A crossroads for education in Alabama
By Thomas Rains, VP of Policy and Operations A+ Education Partnership
Alabama is approaching an education crossroads.
Many of the state officials in charge of education will begin new terms next year. Gov. Kay Ivey or her successor will begin a full term in office, and a record number of newcomers will be sworn into the House and Senate for the new quadrennium. The State Board of Education will have two members to replace Betty Peters and Mary Scott Hunter, who are not running for reelection.
With these elections on the horizon and Dr. Eric Mackey beginning his tenure as State Superintendent, it’s time for Alabama to set new goals for education to ensure all students are college and career ready—to ensure they are ready for real life—by the time they graduate.
A new report from A+ Education Partnership and a coalition of its peers from across the South urges Alabama and the entire region to make a new commitment to improve K-12 education. A+ joined its counterparts in Georgia, Kentucky, Louisiana, Mississippi, North Carolina, and Tennessee to produce the report.
shows that while Alabama and the South have made major advances in education in recent decades, some “achievement gaps” between more affluent students and historically disadvantaged classmates have widened.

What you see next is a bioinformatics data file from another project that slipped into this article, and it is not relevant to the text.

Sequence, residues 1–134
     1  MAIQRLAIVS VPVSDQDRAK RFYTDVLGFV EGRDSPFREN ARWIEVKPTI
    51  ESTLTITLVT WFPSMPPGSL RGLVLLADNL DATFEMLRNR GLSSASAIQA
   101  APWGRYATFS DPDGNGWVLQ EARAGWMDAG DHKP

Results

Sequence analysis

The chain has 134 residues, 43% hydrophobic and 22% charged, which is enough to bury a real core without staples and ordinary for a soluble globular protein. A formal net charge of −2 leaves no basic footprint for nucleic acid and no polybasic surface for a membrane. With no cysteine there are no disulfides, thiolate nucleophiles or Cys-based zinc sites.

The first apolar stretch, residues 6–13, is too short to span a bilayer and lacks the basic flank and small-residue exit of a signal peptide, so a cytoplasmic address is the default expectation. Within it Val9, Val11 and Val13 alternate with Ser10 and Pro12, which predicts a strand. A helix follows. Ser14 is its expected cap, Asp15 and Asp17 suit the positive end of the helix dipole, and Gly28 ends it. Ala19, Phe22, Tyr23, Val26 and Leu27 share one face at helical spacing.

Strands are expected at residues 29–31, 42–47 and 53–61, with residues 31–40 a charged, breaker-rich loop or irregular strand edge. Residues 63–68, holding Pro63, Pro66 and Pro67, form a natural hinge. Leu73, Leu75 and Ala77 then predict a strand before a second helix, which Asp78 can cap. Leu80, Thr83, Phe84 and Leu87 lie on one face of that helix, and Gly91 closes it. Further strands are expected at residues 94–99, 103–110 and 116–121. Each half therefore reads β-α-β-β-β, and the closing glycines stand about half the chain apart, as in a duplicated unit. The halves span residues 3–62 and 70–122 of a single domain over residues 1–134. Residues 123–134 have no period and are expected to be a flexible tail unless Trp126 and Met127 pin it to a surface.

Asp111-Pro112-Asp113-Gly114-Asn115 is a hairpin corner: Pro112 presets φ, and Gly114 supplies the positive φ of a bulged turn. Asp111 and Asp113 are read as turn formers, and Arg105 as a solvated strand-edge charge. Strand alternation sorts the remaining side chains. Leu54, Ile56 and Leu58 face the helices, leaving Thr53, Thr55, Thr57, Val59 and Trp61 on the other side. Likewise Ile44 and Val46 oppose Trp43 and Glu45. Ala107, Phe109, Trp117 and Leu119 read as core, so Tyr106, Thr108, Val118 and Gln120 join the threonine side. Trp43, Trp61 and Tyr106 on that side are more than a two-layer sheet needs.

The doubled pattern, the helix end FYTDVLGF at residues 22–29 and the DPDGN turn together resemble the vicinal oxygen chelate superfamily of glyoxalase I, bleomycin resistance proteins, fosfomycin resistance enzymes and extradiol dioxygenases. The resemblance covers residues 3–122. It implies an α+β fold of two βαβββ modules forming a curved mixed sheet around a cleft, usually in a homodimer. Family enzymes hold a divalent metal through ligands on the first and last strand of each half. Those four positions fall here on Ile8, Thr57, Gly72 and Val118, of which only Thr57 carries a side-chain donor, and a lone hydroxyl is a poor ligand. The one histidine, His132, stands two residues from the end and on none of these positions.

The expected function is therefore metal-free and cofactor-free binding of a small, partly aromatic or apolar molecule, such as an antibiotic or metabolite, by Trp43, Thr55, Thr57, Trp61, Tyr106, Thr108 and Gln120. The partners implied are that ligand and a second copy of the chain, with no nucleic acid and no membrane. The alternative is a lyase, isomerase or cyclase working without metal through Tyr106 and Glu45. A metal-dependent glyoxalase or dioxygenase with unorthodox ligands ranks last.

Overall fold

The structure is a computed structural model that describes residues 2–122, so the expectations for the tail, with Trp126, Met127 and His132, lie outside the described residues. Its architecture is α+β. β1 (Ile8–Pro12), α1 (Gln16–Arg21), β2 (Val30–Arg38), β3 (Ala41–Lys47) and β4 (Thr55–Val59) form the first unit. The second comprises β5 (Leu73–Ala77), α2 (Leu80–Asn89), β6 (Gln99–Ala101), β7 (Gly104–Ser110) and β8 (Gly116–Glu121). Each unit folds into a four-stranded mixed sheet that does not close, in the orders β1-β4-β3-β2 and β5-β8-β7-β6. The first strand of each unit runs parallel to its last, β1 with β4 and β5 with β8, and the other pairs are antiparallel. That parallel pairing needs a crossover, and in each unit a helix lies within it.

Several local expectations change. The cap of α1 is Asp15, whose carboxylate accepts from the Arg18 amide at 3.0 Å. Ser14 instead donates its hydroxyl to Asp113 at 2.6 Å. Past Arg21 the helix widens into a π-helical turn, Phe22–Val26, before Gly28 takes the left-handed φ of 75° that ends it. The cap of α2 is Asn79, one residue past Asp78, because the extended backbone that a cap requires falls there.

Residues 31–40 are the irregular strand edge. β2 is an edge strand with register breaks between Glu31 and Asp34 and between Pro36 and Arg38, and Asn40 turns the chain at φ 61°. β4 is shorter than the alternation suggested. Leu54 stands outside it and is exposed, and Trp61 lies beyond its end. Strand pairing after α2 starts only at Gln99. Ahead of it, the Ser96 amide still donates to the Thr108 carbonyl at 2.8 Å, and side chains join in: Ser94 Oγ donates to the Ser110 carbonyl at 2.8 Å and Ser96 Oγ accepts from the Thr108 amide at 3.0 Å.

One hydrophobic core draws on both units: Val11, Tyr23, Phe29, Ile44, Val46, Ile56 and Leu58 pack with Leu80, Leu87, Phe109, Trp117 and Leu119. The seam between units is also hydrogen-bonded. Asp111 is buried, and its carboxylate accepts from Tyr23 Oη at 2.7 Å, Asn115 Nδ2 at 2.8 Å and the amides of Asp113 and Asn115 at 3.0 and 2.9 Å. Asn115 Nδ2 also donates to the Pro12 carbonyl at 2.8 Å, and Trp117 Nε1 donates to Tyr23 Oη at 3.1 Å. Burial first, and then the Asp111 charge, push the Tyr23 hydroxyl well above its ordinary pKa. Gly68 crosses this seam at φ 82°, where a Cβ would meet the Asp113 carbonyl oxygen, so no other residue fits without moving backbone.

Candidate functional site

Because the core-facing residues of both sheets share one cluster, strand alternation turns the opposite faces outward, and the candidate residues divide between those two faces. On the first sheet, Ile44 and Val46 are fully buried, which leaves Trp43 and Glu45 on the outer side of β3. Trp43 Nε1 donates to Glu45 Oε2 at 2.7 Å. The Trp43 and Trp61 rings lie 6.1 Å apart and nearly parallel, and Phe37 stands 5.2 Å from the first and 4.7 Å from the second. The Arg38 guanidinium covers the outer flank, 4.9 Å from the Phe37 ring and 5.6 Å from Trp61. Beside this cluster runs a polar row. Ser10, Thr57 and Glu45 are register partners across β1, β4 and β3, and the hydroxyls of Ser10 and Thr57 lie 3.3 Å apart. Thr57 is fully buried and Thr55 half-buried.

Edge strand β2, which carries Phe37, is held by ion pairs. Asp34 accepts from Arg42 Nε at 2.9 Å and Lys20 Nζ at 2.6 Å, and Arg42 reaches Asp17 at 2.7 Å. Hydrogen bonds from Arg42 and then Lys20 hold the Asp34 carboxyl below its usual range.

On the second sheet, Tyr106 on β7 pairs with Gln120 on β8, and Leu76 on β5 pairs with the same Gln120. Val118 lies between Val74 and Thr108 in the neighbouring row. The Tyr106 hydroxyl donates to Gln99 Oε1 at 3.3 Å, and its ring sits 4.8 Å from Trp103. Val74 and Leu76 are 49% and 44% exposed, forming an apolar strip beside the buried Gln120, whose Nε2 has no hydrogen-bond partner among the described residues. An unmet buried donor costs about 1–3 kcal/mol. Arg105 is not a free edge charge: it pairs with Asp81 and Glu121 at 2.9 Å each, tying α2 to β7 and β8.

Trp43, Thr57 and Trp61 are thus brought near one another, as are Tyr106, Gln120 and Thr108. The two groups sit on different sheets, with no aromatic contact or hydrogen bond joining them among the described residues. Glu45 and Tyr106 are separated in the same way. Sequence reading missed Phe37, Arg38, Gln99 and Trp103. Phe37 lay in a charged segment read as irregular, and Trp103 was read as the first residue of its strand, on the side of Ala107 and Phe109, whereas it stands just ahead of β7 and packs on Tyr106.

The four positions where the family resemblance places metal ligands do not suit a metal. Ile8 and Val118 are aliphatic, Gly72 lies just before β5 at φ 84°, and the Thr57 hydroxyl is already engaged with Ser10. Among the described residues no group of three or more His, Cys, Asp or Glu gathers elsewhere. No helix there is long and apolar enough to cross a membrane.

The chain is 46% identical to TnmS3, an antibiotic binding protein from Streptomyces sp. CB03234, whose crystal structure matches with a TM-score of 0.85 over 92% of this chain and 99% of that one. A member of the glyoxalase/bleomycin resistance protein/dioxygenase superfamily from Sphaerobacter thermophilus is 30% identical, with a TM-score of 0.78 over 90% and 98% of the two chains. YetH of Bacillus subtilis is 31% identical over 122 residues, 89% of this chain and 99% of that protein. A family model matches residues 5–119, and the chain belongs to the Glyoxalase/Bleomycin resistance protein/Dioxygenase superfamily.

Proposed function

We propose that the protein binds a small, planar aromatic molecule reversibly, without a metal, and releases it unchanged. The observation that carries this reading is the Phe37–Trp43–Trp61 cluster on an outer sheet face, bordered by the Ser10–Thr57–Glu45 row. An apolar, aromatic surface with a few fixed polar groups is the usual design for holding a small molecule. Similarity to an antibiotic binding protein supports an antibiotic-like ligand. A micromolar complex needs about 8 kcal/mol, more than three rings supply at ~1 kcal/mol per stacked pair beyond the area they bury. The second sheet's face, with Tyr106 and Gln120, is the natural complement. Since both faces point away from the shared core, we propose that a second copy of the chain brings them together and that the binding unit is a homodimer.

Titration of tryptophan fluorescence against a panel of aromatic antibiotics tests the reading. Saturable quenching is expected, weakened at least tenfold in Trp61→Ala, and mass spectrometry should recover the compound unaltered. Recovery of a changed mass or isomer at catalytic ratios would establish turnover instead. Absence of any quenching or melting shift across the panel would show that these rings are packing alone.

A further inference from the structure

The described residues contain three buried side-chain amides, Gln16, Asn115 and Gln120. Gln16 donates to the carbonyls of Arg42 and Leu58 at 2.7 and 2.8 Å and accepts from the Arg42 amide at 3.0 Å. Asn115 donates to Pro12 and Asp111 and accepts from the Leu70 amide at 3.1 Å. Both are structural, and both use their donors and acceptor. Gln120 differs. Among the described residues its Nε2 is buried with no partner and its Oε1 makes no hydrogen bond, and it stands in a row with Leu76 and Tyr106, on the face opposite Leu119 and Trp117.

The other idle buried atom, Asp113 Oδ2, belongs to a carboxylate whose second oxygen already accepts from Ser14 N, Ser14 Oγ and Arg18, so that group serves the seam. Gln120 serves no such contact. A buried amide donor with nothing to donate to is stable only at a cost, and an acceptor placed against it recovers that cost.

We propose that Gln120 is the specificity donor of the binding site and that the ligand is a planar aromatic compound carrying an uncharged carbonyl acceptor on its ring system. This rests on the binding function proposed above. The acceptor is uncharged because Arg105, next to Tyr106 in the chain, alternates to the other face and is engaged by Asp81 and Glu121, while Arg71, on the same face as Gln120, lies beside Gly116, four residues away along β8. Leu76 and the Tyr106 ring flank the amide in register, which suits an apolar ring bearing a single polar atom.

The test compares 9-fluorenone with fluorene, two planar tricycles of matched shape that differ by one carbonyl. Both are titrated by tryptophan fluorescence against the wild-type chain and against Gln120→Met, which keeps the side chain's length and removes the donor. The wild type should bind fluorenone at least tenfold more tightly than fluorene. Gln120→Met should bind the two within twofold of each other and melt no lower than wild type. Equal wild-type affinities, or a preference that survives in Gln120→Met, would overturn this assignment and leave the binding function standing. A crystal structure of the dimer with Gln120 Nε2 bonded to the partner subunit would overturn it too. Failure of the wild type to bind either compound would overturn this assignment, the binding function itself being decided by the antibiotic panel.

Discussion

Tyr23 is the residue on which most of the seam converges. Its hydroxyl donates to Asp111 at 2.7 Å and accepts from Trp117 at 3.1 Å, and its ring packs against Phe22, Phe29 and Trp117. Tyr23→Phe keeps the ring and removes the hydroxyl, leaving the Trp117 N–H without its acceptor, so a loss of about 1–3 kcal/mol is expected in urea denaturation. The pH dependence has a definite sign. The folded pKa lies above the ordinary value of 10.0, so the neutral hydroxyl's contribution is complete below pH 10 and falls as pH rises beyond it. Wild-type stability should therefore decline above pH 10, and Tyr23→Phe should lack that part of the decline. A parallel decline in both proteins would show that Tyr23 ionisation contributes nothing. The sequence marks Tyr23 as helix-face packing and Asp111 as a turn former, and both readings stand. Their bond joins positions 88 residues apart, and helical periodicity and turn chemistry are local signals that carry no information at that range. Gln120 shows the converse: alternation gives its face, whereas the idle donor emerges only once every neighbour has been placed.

Alabama’s future depends on turning this around and building an education system that ensures every child can attain a high-quality education.
“If schools do not help more students catch up more quickly — even as they raise expectations for all children — the region’s economic prospects will worsen. In some areas, they already have. Now is the time for states to develop a long-term vision for improving education so that many more children can succeed in school and life,” Accelerating the Pace says.
The report calls for state leaders to focus on four main priority areas for improvement. These ideas came largely from interviews with fellow Southerners:
- Make the South the best place to teach. We need even more teachers and principals in Alabama who have the talent, preparation and continued support to help students succeed.
- Provide new types of academic—and nonacademic—support for today’s students. Students need more support systems than we are providing for dealing with family and emotional health issues that can impact their learning. All children can learn at high levels, but we must meet them where they are in their personal journeys, not where we as adults want them to be.
- Clear all students’ paths from high school into their next steps. Some students don’t know what to do after high school. Alabama has begun remedying this by highlighting multiple pathways for students with its . Let’s build a much stronger bridge from high school into college, career training or a good job by ensuring all students meet at least one of those indicators by the time they graduate.
- Ensure resources are adequate and targeted. Invest in education programs to meet the needs of every child, and find additional support for students who need the most help. It’ll pay off for all of us.
Education is one issue that’s too important to fall into today’s rancorous political divide. This is about our children’s lives, the health of our communities and the future of Alabama.
Let’s work together to make new, substantial progress in improving schools for every child, no matter their background or zip code.